Eastern Ghouta crisis: Russia considers ceasefire in Syria after UN plea

Moscow and Damascus insist Ghouta assault targets jihadist linked militants, raising possibility it would not be included in any nationwide cessation in hostilities 

Thursday 22 February 2018 15:55 GMT
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Civil defence rescue workers help a man from a shelter after an air strike in the besieged town of Douma in eastern Ghouta, 22 February 2018
Civil defence rescue workers help a man from a shelter after an air strike in the besieged town of Douma in eastern Ghouta, 22 February 2018 (Reuters)

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Louise Thomas

Louise Thomas

Editor

Russia has said it will consider supporting the UN-proposed ceasefire in Syria as long as it does not cover Isis and al Qaeda-linked groups.

A 30-day nationwide ceasefire is possible as long as it does not cover Isis, the Nusra Front and other groups "who are shelling residential quarters of Damascus", Foreign Minister Sergei Lavrov said on Thursday.

The UN security council is due to meet later on Thursday to discuss an emergency resolution aimed at halting the ferocious Syrian government led assault on the rebel-held enclave of eastern Ghouta. The five-day operation has so far killed more than 400 people and hit 22 medical facilities, monitors and locals say.

Scenes of devastation in Syria after deadly shelling and airstrikes and eastern Ghouta

Russia, a key ally of Syrian President Bashar al Assad, has historically used its position as a permanent member of the security council to veto most UN action in Syria's war.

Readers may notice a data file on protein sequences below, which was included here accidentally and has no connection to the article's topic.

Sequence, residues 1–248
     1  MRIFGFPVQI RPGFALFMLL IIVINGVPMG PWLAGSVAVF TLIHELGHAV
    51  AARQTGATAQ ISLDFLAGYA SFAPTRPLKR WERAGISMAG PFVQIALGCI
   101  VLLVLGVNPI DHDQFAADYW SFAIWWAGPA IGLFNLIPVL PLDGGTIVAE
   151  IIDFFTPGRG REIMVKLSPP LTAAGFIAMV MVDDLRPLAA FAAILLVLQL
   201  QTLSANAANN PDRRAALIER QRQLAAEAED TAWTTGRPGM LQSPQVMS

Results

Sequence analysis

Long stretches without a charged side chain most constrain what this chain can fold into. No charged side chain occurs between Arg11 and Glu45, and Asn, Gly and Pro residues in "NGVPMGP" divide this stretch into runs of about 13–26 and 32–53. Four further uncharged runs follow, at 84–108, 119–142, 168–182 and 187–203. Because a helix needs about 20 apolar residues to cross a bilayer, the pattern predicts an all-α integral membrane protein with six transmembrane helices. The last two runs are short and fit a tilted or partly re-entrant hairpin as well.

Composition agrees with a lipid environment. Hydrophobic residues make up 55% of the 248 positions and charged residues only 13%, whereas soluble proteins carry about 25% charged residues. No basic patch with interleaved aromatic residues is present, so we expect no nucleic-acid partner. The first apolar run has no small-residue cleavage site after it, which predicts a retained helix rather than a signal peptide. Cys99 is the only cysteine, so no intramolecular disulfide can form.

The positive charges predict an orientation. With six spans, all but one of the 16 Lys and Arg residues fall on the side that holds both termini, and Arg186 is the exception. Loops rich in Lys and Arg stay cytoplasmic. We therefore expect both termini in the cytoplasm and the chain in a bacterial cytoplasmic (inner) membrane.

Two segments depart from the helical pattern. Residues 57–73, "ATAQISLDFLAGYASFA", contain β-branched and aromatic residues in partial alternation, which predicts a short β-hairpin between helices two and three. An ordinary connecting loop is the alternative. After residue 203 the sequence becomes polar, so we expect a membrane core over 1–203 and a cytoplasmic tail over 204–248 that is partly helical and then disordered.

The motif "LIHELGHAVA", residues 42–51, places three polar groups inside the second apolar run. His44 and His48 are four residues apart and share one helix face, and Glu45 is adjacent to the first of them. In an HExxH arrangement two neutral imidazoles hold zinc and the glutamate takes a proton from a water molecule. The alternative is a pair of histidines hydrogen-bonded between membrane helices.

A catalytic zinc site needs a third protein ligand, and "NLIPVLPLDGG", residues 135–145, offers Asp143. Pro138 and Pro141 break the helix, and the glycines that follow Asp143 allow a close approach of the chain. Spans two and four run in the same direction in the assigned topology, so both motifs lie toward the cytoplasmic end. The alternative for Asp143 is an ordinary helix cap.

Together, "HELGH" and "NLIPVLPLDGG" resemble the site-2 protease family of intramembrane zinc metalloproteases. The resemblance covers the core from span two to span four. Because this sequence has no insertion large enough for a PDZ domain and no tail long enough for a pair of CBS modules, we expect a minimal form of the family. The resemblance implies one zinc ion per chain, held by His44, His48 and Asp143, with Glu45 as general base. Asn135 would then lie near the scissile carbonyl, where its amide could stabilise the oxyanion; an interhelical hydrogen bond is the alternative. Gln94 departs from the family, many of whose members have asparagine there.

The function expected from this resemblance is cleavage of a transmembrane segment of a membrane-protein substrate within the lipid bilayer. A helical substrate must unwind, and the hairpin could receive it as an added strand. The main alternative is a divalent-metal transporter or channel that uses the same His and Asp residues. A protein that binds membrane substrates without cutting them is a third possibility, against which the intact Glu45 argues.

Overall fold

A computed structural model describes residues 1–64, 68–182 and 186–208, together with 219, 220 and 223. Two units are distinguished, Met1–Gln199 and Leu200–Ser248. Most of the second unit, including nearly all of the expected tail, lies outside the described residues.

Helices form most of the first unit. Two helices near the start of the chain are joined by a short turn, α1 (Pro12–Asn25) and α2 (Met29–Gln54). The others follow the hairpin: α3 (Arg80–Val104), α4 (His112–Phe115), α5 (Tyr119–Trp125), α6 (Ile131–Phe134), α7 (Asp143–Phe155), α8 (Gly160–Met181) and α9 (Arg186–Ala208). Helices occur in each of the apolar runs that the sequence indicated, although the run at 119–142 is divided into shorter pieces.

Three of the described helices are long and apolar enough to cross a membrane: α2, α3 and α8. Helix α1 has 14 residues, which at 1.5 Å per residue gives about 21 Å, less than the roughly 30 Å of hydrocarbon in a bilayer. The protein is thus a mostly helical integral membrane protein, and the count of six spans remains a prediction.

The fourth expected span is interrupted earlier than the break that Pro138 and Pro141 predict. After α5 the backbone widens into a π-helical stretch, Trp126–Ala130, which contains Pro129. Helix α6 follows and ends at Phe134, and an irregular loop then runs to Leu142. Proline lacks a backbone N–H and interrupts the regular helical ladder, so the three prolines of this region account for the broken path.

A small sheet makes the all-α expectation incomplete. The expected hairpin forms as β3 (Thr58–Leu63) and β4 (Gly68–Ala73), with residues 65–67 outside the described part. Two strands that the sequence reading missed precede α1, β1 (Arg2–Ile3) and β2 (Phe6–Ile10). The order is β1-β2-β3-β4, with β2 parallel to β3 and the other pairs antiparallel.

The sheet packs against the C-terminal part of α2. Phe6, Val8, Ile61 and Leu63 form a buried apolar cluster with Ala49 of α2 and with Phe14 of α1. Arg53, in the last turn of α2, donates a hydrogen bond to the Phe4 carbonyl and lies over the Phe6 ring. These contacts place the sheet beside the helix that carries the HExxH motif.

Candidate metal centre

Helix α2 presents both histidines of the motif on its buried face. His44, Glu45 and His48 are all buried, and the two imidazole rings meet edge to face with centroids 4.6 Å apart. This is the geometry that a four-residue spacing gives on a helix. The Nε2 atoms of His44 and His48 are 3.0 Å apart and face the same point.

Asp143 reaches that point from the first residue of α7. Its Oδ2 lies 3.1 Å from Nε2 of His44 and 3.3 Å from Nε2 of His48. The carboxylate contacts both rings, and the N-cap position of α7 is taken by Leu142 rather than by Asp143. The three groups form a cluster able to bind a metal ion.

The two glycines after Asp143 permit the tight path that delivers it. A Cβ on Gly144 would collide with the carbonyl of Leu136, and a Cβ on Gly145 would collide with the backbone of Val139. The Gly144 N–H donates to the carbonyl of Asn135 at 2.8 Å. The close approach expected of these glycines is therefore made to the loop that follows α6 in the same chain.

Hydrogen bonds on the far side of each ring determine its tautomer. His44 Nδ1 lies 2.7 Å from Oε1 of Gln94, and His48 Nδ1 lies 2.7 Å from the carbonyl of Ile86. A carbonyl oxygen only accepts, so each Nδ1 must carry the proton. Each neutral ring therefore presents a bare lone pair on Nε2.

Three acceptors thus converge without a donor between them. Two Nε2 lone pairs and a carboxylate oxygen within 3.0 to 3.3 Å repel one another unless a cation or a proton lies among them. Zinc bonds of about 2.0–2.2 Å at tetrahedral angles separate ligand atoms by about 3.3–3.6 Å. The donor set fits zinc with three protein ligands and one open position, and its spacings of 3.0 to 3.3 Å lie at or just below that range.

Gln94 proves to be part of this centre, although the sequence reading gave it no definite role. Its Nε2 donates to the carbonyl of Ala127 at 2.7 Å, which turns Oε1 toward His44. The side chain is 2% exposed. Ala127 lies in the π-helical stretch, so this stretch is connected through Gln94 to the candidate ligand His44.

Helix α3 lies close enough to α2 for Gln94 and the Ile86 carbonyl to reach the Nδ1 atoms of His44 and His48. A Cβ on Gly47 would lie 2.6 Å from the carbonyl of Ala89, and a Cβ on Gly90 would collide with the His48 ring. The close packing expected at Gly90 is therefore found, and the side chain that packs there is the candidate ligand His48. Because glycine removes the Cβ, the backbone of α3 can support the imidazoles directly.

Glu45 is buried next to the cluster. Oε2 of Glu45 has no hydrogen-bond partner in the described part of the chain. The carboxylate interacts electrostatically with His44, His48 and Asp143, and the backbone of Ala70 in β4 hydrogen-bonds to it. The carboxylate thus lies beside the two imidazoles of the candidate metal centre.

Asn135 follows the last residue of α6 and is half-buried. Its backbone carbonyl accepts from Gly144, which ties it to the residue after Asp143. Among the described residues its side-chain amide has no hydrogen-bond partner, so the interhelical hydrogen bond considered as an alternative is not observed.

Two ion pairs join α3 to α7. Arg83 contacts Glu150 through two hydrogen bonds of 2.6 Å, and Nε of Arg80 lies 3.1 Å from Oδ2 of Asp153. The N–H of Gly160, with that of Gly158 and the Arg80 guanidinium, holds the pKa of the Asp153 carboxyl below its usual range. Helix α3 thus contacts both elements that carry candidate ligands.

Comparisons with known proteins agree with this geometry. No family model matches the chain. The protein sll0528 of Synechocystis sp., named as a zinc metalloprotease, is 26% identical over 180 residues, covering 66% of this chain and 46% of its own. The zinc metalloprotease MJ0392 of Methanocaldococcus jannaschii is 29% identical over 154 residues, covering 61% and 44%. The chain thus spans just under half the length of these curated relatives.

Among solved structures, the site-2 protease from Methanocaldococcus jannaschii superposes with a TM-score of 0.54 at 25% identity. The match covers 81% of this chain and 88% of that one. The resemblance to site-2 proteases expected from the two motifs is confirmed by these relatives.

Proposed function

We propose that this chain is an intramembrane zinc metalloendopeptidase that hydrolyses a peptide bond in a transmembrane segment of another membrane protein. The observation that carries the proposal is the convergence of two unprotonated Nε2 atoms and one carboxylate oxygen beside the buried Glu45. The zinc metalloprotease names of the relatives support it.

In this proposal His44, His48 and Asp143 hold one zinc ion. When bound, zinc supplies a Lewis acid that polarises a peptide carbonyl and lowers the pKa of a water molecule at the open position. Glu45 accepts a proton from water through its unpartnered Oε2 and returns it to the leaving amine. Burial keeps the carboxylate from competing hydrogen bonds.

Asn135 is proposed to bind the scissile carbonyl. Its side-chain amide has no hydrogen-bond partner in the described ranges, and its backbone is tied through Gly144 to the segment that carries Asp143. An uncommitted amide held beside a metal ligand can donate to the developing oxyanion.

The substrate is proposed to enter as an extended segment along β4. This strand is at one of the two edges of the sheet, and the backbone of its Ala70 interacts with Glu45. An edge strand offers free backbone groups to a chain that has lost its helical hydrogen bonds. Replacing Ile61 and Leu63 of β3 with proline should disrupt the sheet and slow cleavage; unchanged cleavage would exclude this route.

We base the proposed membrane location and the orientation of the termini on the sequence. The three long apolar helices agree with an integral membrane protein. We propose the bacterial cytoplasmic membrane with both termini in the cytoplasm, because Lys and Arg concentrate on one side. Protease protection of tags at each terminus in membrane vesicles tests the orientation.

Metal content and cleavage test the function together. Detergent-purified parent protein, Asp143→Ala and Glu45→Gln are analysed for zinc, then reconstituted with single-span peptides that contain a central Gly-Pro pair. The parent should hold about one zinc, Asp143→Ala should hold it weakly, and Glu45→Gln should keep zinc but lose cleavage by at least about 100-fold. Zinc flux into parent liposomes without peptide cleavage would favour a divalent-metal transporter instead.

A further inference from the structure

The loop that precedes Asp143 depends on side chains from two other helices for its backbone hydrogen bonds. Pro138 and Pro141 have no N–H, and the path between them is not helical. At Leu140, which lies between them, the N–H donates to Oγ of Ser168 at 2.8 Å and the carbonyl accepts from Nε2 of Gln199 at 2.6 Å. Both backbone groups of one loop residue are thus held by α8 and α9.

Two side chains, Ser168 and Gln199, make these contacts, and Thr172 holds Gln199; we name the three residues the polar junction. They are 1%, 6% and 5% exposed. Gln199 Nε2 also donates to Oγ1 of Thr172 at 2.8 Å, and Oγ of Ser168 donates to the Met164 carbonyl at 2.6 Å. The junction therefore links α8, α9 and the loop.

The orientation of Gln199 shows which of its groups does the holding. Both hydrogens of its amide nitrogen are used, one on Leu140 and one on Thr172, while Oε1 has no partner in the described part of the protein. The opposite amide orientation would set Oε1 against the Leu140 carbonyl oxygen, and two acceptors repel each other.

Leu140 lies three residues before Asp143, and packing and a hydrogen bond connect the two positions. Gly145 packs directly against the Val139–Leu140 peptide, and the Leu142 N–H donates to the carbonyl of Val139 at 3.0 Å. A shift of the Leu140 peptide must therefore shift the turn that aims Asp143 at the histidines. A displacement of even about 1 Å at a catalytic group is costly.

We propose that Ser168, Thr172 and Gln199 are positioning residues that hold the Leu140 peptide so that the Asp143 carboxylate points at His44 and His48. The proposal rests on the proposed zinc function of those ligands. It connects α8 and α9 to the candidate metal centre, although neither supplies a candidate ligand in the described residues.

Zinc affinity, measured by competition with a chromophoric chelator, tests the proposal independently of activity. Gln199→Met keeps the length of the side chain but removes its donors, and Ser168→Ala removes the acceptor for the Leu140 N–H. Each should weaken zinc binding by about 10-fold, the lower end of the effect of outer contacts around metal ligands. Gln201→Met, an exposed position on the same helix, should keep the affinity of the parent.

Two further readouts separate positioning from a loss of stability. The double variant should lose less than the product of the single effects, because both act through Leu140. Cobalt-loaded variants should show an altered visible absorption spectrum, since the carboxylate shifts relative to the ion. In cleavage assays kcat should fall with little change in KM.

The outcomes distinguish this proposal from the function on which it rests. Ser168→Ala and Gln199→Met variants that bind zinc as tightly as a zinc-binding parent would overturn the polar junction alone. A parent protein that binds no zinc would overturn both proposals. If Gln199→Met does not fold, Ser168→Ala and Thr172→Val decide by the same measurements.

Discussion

The Syrian and Russian air forces have been accused by various humanitarian groups of indiscriminately targeting civilian infrastructure and using barrel bombs, crude weapons filled with explosives banned under international law. Both deny the allegations.

On Thursday, the Kremlin said that Russia was not responsible for the escalating humanitarian crisis.

“Those who support the terrorists are responsible,” Kremlin spokesperson Dmitry Peskov told reporters during a conference call.

“Neither Russia, nor Syria, nor Iran are in that category of states as they are waging an absolute war against terrorists in Syria.”

Eastern Ghouta is technically covered by a de-escalation agreement reached by world powers last year.

The regime says al Qaeda-linked groups operating in the area are not part of the deal - raising the possibility that Russia's openness to a ceasefire deal would not include the current operation there.

In recent months the Assad government has tightened the five-year-old siege on eastern Ghouta, leaving the area’s 400,000 residents with dwindling food and medical supplies.

The new aerial attack - some of the worst violence in Syria’s seven-year-old war - appears to be paving the way for a ground assault to seize the enclave once and for all.

Rebels have responded with some of the worst rocket attacks on Damascus in years, killing 16 people.

On Thursday the UN repeated pleas to all parties for a ceasefire across the country and unfettered access for aid convoys.

“There is a need for avoiding the massacre, because we will be judged by history,” Syria envoy Staffan de Mistura said.

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